Currently attending a very interesting presentation about the way neurosciences are being exploited for marketing purposes. The presenter is Olivier Oullier, a Professor in neurophysiology in France and also an active partner at a company called neuroeco, that does seem to be very much in stealth mode since its web site redirects to the page of Prof. Oullier.
- tools are too rational
- lack of innovation in methods and tools used to understand and anticipate human behavior
- inference of future patterns from past statistics
- media instability, like for example the radical transformation of a the TV experience with TiVo
- excessive creativity in ads
Today's marketers project their own (mostly rational) thoughts as being the logical behavior of the consumer. However, the fatc is that they are not the consumer and the consumer is not only rational, which may be why the most successful marketers are those individuals who dare to use more than jusrt their rational capabilities. Intuition is important as Steve Jobs, the creators of Cirque du Soleil or people at IDEO would most certainly agree.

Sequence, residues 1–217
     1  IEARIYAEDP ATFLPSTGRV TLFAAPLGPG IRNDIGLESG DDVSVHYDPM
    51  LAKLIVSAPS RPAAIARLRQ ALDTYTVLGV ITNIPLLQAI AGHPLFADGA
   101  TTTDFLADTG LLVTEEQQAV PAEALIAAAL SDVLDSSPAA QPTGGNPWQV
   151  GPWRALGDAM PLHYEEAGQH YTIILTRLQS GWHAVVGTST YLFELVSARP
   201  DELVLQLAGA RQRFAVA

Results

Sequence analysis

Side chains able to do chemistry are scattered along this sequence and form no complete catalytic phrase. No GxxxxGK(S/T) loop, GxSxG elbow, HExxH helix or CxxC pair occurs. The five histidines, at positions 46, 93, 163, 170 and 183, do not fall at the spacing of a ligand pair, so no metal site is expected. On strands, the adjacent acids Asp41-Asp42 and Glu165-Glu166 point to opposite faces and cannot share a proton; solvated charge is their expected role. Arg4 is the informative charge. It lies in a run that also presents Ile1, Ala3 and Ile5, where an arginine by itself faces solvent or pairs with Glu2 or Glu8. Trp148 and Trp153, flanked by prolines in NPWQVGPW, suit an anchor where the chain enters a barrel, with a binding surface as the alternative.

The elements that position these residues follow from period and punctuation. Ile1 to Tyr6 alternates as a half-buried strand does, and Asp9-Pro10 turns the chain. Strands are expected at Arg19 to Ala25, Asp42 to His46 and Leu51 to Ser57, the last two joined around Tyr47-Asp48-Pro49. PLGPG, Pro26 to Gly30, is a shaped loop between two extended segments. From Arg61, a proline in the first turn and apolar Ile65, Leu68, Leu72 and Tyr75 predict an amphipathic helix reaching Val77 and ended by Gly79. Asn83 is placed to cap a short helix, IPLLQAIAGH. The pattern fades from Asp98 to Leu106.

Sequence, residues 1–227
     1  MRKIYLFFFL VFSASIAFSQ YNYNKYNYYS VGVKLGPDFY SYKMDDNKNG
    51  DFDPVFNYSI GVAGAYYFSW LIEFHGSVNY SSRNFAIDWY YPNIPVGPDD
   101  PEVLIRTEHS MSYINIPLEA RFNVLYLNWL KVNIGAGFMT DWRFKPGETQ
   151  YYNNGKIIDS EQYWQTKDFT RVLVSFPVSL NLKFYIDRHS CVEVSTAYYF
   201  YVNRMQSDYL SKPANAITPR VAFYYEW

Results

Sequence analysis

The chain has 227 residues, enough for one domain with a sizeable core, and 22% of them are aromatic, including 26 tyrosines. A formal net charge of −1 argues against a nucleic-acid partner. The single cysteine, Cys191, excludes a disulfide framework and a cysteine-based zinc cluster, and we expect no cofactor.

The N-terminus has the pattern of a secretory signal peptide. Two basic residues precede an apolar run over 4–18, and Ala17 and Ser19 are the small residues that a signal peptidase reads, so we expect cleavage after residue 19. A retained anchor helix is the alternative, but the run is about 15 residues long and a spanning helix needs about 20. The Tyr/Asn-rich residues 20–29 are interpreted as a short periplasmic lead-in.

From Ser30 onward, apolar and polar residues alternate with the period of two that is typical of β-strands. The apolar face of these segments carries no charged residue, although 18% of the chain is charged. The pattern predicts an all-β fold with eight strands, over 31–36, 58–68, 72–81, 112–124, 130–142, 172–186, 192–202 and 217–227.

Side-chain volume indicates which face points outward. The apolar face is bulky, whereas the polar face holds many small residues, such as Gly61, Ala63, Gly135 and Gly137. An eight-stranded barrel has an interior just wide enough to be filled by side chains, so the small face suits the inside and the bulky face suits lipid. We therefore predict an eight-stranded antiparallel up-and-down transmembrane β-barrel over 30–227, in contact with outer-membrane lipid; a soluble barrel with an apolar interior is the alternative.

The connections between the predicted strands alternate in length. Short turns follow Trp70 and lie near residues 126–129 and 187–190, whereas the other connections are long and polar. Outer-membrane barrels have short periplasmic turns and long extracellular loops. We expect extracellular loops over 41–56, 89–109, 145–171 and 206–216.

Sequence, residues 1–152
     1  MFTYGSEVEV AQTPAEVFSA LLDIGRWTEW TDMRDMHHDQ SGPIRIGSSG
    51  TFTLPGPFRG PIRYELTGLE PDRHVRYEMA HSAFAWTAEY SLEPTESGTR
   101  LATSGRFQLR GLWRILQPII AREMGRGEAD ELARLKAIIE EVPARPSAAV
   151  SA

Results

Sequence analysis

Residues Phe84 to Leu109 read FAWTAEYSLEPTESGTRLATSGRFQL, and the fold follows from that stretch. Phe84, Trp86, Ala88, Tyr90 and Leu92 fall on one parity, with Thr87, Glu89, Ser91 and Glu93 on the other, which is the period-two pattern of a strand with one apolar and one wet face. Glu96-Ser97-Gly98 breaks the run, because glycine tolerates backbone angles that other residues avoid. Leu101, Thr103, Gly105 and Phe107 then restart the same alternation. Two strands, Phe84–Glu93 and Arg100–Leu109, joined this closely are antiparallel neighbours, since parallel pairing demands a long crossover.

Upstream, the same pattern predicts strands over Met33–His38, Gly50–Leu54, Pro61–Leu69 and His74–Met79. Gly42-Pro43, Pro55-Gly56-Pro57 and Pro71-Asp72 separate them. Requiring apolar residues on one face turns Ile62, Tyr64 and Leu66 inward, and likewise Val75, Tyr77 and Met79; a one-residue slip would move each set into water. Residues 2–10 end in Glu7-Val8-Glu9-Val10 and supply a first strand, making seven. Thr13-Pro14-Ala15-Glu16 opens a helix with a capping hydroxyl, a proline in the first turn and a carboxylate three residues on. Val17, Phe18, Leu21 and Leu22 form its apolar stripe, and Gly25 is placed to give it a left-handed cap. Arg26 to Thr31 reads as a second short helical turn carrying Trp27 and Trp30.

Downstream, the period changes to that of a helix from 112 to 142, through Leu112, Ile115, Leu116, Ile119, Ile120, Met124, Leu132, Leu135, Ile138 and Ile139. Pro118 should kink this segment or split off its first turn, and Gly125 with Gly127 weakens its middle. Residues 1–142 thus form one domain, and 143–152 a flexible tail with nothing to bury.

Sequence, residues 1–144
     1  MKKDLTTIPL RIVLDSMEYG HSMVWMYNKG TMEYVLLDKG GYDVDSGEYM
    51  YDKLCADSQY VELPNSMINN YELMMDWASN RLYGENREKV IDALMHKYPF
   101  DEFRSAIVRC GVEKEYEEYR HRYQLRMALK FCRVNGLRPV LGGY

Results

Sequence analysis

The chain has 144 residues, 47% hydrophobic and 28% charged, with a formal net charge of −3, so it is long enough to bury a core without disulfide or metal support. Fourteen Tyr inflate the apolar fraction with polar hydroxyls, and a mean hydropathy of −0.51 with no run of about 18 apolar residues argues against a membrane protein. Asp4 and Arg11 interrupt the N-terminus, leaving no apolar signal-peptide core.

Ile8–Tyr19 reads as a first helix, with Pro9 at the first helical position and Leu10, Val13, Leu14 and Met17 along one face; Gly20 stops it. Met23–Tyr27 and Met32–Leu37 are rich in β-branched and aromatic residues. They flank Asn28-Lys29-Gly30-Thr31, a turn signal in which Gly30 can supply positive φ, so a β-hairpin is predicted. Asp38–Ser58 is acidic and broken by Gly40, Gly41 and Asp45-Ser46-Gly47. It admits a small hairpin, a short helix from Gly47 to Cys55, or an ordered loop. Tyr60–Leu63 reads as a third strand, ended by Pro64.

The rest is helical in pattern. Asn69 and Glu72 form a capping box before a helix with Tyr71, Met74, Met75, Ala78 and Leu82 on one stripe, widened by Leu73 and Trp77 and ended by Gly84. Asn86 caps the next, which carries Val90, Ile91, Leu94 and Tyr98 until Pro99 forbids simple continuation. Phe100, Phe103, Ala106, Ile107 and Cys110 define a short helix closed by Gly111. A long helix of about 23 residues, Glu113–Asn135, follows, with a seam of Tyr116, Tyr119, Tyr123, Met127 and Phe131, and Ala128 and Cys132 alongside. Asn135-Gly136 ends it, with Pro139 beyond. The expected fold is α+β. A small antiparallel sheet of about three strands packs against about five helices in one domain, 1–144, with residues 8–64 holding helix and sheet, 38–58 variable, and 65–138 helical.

Professor Oullier researches brain activity and bodily activity of humans as they are exposed to various stimuli. His quest is to establish models and correlations between activity inside the human brain and the (economic) behavior of a person. To do that they now use large magnetic resonance equipment, and I guess that their goal is to bring their methods to market. I only hope we don't end up with a world like Minority Report since theoretically attributes of people could be used to "predict" their behavior and the temptation will be there for people to try to prevent certain behaviors. The question being how much of those predictions will actually be self-fulfilling prophecies, something that is relevant not only in the field of tomorrow's marketing.
Interestingly all stimuli but smells go through the thalamus and that may actually explain why there is so muc work being done on olfactive marketing,a subset of sensory and environmental marketing. In neurosciences terms, the effect of an ad on someone paying attention is to trigger the production of dopamine in their brain, which makes them feel good and therefore create a positive association between the product and the consumer. At the end of the day, this elaborate scheme shows how Pavlovian animals we humans can be. Today consumer neuroscience is a topic of great interest in the greatest of universities.
Let's add an element. In certain circumstances and for certain stimuli (e.g. in a situation of immediate danger) the message in the brain will not go through the upper layer (neocortex), which is the part of the brain that manages those thought processes of which we are conscious. So I guess that the name of the game is to trigger stimuli that will generate an unconscious positive association with a commercial offering, such as to create strong unconscious motivation to buy a product or a service. Back to Minority Report or to Brave New World.
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